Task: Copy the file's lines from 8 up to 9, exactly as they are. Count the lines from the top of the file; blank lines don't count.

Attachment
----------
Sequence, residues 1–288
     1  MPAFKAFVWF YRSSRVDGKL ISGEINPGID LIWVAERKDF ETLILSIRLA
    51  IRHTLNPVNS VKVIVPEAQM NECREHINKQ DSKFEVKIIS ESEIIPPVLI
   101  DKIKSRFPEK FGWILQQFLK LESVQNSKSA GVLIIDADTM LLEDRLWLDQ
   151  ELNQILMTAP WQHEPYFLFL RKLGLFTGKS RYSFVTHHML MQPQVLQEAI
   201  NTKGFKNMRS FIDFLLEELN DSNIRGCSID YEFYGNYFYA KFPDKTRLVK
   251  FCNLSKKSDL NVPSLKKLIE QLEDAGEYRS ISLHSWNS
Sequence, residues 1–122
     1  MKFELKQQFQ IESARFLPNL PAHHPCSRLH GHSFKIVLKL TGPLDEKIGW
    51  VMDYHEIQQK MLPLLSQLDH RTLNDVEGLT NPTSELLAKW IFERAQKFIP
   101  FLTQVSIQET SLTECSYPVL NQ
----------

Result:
Sequence, residues 1–122
     1  MKFELKQQFQ IESARFLPNL PAHHPCSRLH GHSFKIVLKL TGPLDEKIGW